The law is currently developing on this topic. The Australian Competition and Consumer Commission (ACCC) has been testing this aspect of the law over a number of recent cases. Most recently, the ACCC tested this in Federal Court action against Woolworths. In that case, the ACCC challenged Woolworths’ claim that its picnicware was “biodegradable and compostable” was a future claim and therefore, that Woolworths had the onus of proof to establish it had a reasonable basis for the claim. However, the full Federal Court unanimously upheld the decision of the primary judge in favour of Woolworths that labelling its products in this way did not amount to a representation as to a future matter. The Court held that the claim was “knowable and testable” at the time the representation was made rather than being in the nature of a prediction, promise or forecast.
It will be interesting to see whether the Federal Court makes a similar finding in the ACCR’s action against Santos or distinguishes the case on the basis that parts of Santos’ claim is not knowable or testable at the time that it was made.
Guardrails you can implement to minimise legal risk in this area
When structuring claims regarding carbon emissions, you will need to consider the target market for the claims and how that claim may be perceived by that target market. If you are making claims in an annual report, your target market will be both investors in your company and potential investors as well.
You must assess the claims you intend to make before they are published using the following guardrails:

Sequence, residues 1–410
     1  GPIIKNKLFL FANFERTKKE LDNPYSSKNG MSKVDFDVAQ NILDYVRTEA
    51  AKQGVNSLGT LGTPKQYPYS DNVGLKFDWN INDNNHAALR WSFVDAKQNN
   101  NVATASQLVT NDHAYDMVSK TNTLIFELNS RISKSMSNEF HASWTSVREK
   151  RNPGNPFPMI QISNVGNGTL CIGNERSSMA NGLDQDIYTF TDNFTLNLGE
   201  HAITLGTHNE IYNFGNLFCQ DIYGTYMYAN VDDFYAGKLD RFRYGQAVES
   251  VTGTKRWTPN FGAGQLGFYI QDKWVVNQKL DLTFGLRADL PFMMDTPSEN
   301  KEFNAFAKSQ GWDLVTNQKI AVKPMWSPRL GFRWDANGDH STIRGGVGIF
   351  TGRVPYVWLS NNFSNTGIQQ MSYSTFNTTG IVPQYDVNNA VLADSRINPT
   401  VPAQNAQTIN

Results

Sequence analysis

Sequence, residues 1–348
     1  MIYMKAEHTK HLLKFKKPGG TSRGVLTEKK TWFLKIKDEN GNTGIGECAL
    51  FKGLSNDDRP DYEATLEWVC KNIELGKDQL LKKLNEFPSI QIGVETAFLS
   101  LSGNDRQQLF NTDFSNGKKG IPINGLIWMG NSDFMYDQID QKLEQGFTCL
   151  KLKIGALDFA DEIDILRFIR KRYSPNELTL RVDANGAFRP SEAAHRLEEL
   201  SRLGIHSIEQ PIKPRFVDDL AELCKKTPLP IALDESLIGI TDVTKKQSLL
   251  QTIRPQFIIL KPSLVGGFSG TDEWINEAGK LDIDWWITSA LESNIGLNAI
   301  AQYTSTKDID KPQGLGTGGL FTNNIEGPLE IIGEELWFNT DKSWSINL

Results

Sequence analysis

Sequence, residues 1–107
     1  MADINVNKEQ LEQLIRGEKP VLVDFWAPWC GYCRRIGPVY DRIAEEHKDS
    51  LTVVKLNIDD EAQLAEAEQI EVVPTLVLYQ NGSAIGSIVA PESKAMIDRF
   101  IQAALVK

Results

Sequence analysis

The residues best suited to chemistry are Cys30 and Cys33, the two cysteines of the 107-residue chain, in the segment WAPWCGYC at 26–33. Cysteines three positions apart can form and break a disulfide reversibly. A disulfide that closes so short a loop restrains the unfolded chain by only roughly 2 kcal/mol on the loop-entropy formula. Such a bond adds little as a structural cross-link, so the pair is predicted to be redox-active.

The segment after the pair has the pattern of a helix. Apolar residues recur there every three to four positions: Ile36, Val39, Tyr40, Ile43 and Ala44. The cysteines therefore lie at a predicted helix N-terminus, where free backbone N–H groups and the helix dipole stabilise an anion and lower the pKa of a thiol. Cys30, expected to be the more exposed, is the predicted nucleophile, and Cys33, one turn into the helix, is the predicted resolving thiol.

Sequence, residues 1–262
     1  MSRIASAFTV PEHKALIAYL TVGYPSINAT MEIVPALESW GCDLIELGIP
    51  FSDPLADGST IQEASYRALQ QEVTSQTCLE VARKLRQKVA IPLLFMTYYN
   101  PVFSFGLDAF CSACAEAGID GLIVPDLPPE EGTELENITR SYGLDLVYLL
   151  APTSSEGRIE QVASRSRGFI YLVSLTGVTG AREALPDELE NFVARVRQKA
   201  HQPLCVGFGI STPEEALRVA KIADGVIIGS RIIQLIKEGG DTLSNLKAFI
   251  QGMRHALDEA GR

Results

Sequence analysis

- Firstly, consider the express claims you are making and ensure that you have factual substantiation that provides the necessary support for them;
- If the express claim you are making is vague and has a number of potential meanings, you must have substantiation for all possible meanings before you can make the claim or else you need to amend the claim so that it is more precise with a meaning that is supportable;
- If a claim is scientific in nature, ensure the substantiation you have is recent, credible and represents the balance of the scientific opinion at the time the claim is made;
- If you are making future claims in the sense of the claims being predictions or forecasts, ensure that you have a reasonable basis for making them;
- If the claim is a forecast or prediction, ensure that it is consistent with your company’s sustainability roadmap;
- Include any carve outs or detail any assumptions that may impact upon achieving any part of the claim you are making;
- Keep records of the substantiation you have for all claims before you make them; and
- Lastly, stand back from all the claims you are make and consider the overall impression (or net impression the target market will take) from the claim you are making.